I saw part of an episode of one of those crime dramas today while I waited for my car to be serviced. It’s the usual high-intensity situation where the good guys have to catch the bad guy before he murders again, starring emotionally-callous-because-she-cares chick backed by a crew of sophisticated comedians in lab coats, partnered with one of those hard core heroic types… you know the formula. Anyway they go around investigating this case, asking questions. Except they didn’t ask, exactly but bullied, extorted, demanded and in one case put a pillow over some bitch’s head until she talked. All I could think was “the fuck?”. I ask you the same.
Why does our society have the need to continually bask in scenarios where it’s imperative to do wrong? Have we collectively decided that it’s only appropriate to do the right thing when it’s easy?
@kahlib, well, mainstream media is brainwashing. I’m trying to say this in the least conspiracy theorist-way possible, but it’s impossible. That’s just the way it is. It’s like our understanding of what is beautiful and stuff like that – straight from the media. Call it conditioning, call it brainwashing… tomato/potato.
As to the motive behind this particular type of headbathing (idk): This sort of thing seems to be geared toward making it acceptable for the police or other such force to use immoral means to get what they want. This way (imagine you’re a “normal person” who watches this sort of stuff on the television, votes and generally does what normal people do) if you hear about some guy getting roughed up by the cops, you’ll think “oh, he probably deserved it” instead of “wtf are the police doing”. The viewer supports the cops, because they’re the heroes of the story. The heroic narrative can then be unconsciously applied to real life events that are highly censored and made to seem like heroic acts. It’s obviously a different thing when it happens to yourself, but no one ever believes it could…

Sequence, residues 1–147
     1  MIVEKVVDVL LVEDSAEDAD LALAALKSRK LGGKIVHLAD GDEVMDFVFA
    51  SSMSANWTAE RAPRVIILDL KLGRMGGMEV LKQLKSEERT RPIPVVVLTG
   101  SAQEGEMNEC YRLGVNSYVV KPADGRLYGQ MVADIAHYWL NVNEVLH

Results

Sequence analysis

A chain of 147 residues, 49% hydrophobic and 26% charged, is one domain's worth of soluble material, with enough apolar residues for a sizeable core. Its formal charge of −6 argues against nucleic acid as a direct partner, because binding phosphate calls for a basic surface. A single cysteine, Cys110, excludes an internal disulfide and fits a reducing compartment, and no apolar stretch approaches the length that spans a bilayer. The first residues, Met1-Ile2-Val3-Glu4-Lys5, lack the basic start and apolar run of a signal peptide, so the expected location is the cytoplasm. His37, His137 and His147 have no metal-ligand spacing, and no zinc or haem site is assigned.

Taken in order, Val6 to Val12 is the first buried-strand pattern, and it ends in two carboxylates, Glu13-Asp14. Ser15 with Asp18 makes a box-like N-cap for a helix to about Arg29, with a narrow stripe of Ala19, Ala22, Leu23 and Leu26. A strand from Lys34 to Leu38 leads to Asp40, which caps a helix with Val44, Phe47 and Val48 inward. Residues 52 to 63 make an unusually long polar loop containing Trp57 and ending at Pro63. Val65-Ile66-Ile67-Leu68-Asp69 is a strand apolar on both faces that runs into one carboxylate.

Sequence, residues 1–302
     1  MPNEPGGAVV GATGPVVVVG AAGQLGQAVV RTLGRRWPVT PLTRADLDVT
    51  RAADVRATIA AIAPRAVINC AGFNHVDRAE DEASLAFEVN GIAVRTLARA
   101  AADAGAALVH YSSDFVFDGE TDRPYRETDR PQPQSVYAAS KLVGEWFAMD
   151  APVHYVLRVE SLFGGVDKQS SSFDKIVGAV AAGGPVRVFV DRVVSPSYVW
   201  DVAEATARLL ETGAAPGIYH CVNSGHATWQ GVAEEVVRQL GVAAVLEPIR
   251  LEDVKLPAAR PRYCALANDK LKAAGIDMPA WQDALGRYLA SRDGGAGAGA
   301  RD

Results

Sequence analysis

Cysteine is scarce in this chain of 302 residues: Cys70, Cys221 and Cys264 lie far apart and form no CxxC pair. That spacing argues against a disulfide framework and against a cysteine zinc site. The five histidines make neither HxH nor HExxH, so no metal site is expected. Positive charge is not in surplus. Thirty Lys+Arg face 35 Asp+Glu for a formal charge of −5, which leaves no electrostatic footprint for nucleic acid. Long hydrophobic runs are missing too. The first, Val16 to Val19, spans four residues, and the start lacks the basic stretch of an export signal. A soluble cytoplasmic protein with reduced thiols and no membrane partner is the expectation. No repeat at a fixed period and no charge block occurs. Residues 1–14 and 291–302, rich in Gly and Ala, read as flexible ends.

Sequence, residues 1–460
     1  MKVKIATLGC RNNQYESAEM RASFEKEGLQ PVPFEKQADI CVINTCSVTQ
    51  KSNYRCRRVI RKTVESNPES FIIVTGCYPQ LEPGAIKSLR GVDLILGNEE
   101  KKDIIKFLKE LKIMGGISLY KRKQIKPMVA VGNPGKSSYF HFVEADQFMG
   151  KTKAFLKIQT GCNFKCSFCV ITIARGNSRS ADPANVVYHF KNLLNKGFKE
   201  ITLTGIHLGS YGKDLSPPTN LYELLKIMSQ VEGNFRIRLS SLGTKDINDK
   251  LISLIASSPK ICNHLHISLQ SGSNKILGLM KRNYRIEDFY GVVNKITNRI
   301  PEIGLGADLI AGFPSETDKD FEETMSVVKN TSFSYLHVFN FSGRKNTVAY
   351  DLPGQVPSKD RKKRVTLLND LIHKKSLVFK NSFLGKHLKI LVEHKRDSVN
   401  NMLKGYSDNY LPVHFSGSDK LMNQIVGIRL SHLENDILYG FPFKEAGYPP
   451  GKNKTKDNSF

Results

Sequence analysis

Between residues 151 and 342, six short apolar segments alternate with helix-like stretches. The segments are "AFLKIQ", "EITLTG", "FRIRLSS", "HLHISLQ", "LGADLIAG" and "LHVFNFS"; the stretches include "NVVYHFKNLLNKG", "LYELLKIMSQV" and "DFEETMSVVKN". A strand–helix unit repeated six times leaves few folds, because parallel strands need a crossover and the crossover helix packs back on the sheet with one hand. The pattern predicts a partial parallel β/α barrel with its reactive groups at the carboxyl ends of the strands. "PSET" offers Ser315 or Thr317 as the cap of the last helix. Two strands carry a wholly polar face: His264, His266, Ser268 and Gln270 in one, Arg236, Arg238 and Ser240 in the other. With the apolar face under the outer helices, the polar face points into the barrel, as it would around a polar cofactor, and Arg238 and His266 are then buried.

Violence by the police is always presented as an acceptable/normal/heroic thing, and it’s never excessive (even though in real life it can very well be). Violence by criminals is presented in a way that makes it seem immoral, disgusting, unprecedented and so on. It’s this way to shape the worldview of the viewer.